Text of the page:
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The Rogart Shirt

Tentatively dated to the 14th century, the Rogart shirt was found in a grave in Sutherland. The body consists of one piece of cloth, approximately 30 inches wide and 90 inches long, with the selvages sewn together at the side seams. The sleeves are made of a different piece of cloth. It is a plain weave of worsted wool, with an average weft count of 17.5 threads per inch. Most of the garment is 'ginger brown', but a darker yarn is used for 11 inches of the warp on the left hand side of the garment for irregular stripes from 1 to 4 threads wide, with no apparent order or pattern. The stripes run the length of the cloth and seem to be intentional.

A number of weaving flaws and errors in the garment indicate that this was not the garment of a wealthy person; the sleeves are sewn from several pieces of cloth pieced together, and the left sleeve is 3" longer than the right sleeve.

The garment seems to have had tufts woven into it, though they are felted and matted, and worn away in some areas. The documentation isn't very clear on where the tufts appear. The tufts average about 1/2" long. The pictures accompanying the description don't show a very thick pile; the warp and weft are visible. I can't say whether the tufts are typical of this kind of garment, but I am inclined to think that they are not, since there are no descriptions of tunic-type garments with pile woven into them from this period, and it seems to be the kind of detail that would have struck non-Scottish observers as odd and remarkable. However, this tufting technique is much like that used in some Irish mantles in the 15th/16th century and perhaps earlier. The tufts would perhaps have served to channel rain off the garment or to keep the wearer warm.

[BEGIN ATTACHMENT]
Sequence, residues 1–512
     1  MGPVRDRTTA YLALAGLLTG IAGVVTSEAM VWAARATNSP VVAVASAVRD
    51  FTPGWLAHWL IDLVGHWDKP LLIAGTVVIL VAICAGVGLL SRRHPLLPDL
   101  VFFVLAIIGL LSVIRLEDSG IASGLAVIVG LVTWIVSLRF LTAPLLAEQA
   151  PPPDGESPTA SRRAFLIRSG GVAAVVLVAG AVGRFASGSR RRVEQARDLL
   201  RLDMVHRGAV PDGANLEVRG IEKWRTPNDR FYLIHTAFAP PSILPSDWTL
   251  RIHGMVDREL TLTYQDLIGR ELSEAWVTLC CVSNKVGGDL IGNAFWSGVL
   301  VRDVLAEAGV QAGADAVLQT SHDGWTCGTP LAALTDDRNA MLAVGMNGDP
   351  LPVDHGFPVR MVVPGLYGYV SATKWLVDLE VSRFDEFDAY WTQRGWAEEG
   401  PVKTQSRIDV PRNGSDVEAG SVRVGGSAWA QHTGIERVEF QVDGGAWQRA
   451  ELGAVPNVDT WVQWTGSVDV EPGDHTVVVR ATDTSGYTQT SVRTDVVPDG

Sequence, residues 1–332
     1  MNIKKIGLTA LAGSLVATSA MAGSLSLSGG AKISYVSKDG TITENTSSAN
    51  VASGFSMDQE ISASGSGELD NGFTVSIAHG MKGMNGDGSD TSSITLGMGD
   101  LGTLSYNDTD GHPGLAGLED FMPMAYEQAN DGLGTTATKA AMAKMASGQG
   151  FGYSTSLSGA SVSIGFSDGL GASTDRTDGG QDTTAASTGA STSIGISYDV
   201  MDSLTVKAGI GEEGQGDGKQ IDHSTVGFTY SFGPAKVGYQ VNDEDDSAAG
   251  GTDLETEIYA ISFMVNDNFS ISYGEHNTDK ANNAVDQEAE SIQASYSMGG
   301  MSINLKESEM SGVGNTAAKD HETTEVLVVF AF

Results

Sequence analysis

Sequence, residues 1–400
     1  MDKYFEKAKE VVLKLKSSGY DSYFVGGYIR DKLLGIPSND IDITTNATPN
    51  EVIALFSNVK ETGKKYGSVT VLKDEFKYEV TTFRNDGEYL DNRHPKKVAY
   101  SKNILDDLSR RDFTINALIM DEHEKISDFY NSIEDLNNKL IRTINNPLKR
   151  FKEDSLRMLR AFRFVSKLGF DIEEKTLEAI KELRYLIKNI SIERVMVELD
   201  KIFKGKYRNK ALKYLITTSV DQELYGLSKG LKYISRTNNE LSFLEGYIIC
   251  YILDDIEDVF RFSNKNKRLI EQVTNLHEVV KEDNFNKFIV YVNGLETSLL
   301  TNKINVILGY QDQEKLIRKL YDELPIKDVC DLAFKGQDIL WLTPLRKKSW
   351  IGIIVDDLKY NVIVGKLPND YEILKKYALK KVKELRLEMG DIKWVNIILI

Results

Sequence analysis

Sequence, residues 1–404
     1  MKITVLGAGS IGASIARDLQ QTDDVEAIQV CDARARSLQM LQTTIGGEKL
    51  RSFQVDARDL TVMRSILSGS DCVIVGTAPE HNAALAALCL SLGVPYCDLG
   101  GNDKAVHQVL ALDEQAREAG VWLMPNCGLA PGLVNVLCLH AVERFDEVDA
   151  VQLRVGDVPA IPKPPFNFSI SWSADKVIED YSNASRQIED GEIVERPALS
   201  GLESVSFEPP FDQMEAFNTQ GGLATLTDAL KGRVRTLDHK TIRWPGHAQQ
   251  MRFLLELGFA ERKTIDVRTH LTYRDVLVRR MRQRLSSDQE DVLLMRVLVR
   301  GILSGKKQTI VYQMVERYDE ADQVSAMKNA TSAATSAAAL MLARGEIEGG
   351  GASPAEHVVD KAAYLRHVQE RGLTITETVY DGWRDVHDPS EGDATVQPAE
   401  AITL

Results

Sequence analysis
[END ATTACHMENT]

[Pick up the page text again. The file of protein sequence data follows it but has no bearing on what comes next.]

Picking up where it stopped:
The neck opening is a slit across the width of the garment. It is blanket stitched at the corners and hemmed on the long sides.

The sleeves are pieced together of several pieces of cloth, with a seam running across the sleeve approximately near the elbow. This appears to be more due to a lack of cloth rather than for any structural reasons.

Here is a drawing of the basic dimensions of the Rogart Shirt. Details not included: seam across the sleeves, where they are pieced together; holes; fabric flaws; loops that are hidden on the inside of the garment (which are not functional but are from the selvage of the cloth). Length and width of the main body of the shirt are given in the documentation (90" long x approx. 29-1/2" wide), but the rest I have estimated based on the scale of the drawing.


Source: Audrey S. Henshall, Early Textiles Found in Scotland (see bibliography)

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Clothing of the Ancient Celts - Copyright 1997, M. E. Riley